“You try to remain open to everything but attached to nothing,” he said of all the healing options out there.

Exercise in Determination

Spanilo told The Healthcare News that part of the transplant trade-off is enduring the wait for the organ. Many people don’t survive that wait, he said, especially those who need lungs. That’s because there is great demand for those organs — one-third of all illnesses are respiratory-related — and because lungs are so delicate. Nearly 80{06cf2b9696b159f874511d23dbc893eb1ac83014175ed30550cfff22781411e5} of those that are donated are unusable.

Spanilo’s wait for a lung was nearly four years. His doctors didn’t think he would live six months. He credits his survival abilities to his strong will, but also to an exercise regimen that would be beyond the capabilities of many healthy individuals.

“I was doing 500 stairs a day and 1,500 jumping jacks a day, and I was walking for an hour a day,” he said, adding that as his conditioned worsened, it became more difficult for him to exercise — he was eventually put on oxygen — but he knew that he had to in order to survive.

“I was trying to stay in shape as much as possible,” he said. “But the more I exercised, the more I coughed. Sometimes, when I exercised I put myself over the threshold and I couldn’t breathe … it was like someone was holding my head under water.”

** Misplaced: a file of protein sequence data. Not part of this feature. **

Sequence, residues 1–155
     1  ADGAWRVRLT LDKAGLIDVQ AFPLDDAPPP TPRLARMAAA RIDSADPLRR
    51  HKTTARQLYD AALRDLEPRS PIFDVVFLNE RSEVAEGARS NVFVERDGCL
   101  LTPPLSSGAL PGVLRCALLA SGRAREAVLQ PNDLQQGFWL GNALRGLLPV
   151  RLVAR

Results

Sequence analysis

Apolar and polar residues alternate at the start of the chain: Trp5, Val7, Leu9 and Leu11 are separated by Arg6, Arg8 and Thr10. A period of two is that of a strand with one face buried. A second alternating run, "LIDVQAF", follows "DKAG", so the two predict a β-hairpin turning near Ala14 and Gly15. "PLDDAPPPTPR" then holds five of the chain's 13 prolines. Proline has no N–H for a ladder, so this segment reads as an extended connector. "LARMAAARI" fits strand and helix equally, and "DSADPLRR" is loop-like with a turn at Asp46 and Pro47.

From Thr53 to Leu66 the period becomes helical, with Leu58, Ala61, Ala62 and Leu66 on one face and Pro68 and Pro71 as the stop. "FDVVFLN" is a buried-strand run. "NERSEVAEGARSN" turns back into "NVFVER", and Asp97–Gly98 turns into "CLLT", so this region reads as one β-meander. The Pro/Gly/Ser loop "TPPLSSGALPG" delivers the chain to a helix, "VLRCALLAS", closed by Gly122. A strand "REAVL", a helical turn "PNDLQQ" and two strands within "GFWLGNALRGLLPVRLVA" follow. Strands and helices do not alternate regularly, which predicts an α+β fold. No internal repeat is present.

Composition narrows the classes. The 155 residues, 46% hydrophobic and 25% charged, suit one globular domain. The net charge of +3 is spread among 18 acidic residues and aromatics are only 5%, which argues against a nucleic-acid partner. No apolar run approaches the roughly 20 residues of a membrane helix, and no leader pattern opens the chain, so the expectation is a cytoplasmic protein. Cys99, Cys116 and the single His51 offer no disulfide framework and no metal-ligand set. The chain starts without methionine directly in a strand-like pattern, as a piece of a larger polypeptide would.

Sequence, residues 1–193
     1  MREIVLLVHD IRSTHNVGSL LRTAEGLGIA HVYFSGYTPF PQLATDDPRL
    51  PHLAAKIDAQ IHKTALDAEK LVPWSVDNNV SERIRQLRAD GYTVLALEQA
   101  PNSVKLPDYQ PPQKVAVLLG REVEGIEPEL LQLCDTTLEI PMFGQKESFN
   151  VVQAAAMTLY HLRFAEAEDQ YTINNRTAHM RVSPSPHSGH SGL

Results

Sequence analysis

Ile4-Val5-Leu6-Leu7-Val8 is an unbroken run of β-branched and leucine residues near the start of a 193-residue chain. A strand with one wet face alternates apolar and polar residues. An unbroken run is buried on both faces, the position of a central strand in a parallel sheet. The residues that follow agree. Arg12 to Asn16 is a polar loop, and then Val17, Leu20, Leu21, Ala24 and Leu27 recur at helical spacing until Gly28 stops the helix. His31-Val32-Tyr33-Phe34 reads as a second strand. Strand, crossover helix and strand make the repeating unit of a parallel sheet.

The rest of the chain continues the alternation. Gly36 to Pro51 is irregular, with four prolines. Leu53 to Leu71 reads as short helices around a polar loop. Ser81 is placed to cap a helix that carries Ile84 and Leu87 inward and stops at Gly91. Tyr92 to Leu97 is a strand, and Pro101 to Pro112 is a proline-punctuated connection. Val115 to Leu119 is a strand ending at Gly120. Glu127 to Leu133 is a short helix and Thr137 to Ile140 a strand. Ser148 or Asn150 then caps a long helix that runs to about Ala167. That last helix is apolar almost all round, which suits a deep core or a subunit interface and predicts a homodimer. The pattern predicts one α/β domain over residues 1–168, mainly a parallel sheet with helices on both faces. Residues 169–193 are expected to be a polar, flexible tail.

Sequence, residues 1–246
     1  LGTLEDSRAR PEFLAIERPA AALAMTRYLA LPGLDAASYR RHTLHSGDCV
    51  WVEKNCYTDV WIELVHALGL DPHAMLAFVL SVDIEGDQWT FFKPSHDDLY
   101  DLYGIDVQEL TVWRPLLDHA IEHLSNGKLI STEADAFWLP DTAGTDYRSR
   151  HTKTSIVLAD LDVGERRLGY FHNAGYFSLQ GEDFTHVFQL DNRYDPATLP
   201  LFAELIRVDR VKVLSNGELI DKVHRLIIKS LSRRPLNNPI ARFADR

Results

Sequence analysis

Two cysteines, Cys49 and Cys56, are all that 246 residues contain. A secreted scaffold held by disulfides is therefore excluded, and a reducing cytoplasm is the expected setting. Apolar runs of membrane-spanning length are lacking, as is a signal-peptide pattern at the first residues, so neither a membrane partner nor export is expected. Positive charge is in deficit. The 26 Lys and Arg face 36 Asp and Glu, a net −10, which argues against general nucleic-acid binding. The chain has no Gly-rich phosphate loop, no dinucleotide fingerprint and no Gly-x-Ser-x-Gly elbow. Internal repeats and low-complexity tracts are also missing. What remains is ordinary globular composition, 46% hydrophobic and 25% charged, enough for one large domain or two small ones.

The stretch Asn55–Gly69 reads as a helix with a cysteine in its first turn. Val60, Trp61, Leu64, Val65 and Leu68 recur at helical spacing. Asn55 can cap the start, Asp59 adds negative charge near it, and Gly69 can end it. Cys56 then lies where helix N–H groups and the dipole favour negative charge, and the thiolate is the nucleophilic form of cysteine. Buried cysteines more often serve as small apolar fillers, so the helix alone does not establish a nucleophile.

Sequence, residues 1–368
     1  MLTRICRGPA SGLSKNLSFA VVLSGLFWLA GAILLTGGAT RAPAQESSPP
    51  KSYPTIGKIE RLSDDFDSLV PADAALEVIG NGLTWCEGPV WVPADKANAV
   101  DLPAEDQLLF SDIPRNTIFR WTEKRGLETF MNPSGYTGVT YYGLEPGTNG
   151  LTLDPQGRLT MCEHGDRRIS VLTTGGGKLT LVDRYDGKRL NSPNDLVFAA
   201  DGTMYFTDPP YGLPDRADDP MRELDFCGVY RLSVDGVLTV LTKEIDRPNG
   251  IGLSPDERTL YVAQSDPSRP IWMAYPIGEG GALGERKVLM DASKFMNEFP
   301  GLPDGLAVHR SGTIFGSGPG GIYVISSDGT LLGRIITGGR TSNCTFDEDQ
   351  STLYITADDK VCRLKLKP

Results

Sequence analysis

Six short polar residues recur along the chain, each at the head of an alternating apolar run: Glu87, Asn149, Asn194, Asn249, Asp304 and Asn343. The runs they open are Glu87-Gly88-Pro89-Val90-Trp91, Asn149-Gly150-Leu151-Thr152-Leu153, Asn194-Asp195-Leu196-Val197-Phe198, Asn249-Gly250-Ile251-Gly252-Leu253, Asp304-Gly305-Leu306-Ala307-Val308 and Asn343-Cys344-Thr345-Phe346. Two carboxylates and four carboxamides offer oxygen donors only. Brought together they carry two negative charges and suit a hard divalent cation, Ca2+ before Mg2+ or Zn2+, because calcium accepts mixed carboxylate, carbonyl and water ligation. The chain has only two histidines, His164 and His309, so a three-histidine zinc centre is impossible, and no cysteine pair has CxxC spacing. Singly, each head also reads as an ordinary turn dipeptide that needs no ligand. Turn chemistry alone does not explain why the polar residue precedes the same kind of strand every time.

With the assistance of Weldon respiratory therapist Donna Hawk, Spanilo went on a program designed to help him stay in shape but not push his body over the limit.

“We matched his exertion during exercise to his oxygen needs to make sure that his levels were OK and that his heart rate was acceptable,” Hawk explained, adding that Spanilo was easily the most motivated person she’s ever worked with. “We just had to make sure he was exercising in a safe manner. Once we had that down, he was off and running.”

While the physical conditioning was only one component of the strategy Spanilo employed to survive until a lung became available, he believes it was the key not only to being healthy to receive his new lung, but also to rebound quickly after that operation, without the need for a respirator, and to achieve a high quality of life after the operation.

Indeed, while doctors have told him not to expect to regain more than 50{06cf2b9696b159f874511d23dbc893eb1ac83014175ed30550cfff22781411e5} of his previous lung capacity, Spanilo didn’t want to accept such results. Through continued hard work, he said he’s regained more than 70{06cf2b9696b159f874511d23dbc893eb1ac83014175ed30550cfff22781411e5} of his capacity. “I don’t like it when people try to put limits on me.”